Scotland politics

Tough new climate targets proposed for Scotland

Smoking chimneys (generic image) Image copyright Getty Images
Image caption The committee wants emissions to be cut by 90%

The Scottish government has been urged to significantly increase its long term target for reducing greenhouse gas emissions when it introduces new legislation later in the year.

The Committee on Climate Change (CCC) said it should consider aiming for a 90% reduction in emissions by 2050. The current target is 80%.

It suggested tough interim benchmarks, in line with the Paris Agreement.

The Scottish government said its approach is based on "best evidence".

The Paris Agreement saw global leaders pledged to hold temperature rises to "well below" 2 degrees.

The current Climate Change (Scotland) Act, given royal assent in 2009, set an interim target of reducing greenhouse gas emissions by 42% by 2020.

That target has now been met and ministers have pledged to bring forward a new Climate Change bill this year with more ambitious goals.

'Stretch' target

Ministers asked the CCC, which advises the UK and Scottish governments, to examine how the new bill might look.

Its report suggests two options for a long term target.

  • Option 1 involves keeping the 2050 target at 80% of 1990 levels but keeping open the option to increase that target.
  • Option 2 sets a 'stretch' target of 90% which would be more in-keeping with the ambitions of the Paris Agreement but which would be much more difficult to achieve.

Committee member Prof Jim Skea said: "Scotland has been leading the way in reducing emissions while continuing to grow its economy. The Paris Agreement represents a landmark change in global action to tackle climate change.

"The proposed legislation could allow Scotland to build on its own progress and international changes.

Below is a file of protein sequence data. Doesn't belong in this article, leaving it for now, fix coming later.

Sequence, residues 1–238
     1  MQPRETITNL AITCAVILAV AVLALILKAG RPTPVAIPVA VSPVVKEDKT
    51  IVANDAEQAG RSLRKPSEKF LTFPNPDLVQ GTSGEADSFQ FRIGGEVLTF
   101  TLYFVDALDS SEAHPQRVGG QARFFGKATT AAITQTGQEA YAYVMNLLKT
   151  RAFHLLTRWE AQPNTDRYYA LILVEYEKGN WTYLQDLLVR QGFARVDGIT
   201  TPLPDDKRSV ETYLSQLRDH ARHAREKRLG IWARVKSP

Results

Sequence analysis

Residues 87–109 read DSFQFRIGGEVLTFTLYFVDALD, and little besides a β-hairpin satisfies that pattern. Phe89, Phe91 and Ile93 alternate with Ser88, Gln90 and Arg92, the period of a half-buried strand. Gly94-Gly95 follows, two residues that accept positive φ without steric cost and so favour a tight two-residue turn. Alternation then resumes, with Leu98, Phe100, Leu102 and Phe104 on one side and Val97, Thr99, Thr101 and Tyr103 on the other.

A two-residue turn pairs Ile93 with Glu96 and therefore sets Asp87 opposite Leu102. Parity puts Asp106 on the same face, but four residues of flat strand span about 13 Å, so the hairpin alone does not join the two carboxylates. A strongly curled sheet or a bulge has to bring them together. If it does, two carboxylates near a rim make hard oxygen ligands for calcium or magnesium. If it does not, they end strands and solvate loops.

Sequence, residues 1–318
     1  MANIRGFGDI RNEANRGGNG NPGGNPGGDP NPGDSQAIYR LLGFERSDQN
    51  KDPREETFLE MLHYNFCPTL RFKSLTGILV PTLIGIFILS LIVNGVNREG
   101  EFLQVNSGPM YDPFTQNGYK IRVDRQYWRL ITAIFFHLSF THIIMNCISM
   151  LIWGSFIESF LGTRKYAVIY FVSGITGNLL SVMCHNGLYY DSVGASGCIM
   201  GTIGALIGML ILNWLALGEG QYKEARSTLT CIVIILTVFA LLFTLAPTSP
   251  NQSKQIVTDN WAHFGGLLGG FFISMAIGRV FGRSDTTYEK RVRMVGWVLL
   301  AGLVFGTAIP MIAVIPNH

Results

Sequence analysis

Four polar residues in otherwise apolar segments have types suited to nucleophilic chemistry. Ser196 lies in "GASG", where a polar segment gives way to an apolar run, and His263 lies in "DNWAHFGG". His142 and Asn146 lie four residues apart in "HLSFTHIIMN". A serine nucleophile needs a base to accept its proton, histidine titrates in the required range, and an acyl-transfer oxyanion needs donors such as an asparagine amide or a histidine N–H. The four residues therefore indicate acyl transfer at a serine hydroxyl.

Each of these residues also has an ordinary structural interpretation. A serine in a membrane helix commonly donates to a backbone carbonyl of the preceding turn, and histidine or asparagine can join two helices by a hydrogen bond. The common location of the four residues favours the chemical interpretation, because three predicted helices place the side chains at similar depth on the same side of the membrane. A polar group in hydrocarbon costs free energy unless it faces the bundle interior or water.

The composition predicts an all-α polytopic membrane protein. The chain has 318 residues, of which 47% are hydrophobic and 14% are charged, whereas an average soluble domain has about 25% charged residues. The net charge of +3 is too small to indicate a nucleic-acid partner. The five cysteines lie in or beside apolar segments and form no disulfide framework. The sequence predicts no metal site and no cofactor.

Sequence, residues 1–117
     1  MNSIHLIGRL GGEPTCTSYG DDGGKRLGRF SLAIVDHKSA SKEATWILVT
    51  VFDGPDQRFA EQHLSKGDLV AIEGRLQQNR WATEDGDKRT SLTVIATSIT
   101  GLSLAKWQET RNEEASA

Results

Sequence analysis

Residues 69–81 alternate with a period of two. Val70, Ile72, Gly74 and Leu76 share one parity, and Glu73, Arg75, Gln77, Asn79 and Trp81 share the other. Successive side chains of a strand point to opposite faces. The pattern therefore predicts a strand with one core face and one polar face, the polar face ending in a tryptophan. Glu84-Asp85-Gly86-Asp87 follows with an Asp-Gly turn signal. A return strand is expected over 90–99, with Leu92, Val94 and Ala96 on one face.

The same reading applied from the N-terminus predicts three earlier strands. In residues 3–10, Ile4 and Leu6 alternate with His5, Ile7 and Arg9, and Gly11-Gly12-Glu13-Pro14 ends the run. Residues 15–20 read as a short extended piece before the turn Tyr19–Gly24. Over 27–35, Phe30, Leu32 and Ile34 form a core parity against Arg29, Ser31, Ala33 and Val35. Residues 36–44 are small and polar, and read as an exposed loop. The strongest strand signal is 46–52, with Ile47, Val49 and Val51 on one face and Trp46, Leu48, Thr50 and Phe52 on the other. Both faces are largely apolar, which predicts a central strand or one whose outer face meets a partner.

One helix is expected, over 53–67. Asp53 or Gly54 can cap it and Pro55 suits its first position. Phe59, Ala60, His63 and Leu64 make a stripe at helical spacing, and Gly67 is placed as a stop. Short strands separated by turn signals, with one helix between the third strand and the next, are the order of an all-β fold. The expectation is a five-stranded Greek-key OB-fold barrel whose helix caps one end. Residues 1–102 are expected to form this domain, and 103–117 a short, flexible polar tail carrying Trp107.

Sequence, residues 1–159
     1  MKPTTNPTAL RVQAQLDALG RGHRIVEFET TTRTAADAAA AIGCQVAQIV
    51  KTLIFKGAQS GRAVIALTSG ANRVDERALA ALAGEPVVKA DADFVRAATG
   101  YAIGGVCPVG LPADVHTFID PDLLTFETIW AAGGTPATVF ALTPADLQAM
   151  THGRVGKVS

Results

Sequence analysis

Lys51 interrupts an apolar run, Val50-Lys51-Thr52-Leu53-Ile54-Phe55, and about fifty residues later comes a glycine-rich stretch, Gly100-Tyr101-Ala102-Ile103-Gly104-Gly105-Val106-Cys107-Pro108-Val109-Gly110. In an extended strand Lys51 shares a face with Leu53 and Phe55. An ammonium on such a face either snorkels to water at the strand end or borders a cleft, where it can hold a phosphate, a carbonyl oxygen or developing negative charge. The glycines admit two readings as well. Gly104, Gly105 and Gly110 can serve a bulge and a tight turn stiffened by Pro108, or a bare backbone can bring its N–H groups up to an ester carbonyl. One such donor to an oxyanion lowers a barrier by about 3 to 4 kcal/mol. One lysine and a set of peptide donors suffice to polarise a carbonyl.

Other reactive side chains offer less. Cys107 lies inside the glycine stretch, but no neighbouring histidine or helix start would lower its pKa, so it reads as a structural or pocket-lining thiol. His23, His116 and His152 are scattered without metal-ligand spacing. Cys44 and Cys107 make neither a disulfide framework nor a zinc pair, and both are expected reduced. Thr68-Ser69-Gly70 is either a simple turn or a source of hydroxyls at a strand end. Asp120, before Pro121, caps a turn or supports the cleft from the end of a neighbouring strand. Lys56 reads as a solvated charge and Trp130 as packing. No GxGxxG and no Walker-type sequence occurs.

"In doing so, the Scottish Parliament should reflect on the right balance between ambition and achievement, as well as the range of direct and indirect benefits that come with acting to reduce carbon emissions."

The report also recommends changes to the way progress is monitored.

Buy and sell

At the moment, account is taken for an EU-wide "trading scheme" which has been much criticised for failing to reduce overall emissions.

The scheme allows big polluters to buy and sell the right to emit carbon.

The committee suggests that a shift to "actual emissions" would be "more transparent than the existing framework and would encourage decarbonisation in all sectors of the economy."

Responding to the report, a Scottish government spokesman said: "Scotland is already a world-leader in tackling climate change, having reduced greenhouse gas emissions by more than 45% since 1990.

"Our approach to climate targets is based on best evidence, which is why we commissioned independent, expert advice on the Bill from the Committee on Climate Change. We welcome the Committee's publication today and look forward to studying its recommendations over the coming weeks."

Ministers will soon begin consulting on the Scottish Government's approach to the bill with a consultation expected to follow in the summer.

A draft Climate Change Plan was published in January setting out policies for meeting the current targets for reducing greenhouse gases.


It was criticised by four parliamentary committees for not being ambitious enough.

Environmental group WWF Scotland has welcomed the move towards a more transparent monitoring system which it says will provide a "truer reflection" of the progress being made in tackling climate change.

Senior Climate and Energy Policy Officer Gina Hanrahan, said: "This CCC report re-emphasises the need for greater policy to be introduced by the Scottish Government to cut emissions from across the economy just to hit existing targets, let alone stronger ones.

"Four Committees of the Scottish Parliament recently criticised the Scottish Government's action plan for hitting current climate targets and provided many constructive suggestions for increased action.

"The Scottish Government should now bring forward a new Climate Bill that gives MSPs from across the Parliament the opportunity to bring forward their ideas for new policies, targets and tools that will drive Scotland more quickly towards achieving the many benefits of a zero-carbon future."

Friends of the Earth Scotland said it thought the committee could have done better.

Head of Campaigns Mary Church said: "The UKCCC's advice is bitterly disappointing, lacking both urgency and ambition in its proposed approach to new climate legislation for Scotland.

"Effectively the Committee has said don't bother trying to do more before 2030 and just try a little harder for 2050, letting this generation of politicians off the hook and kicking serious climate action into the long grass."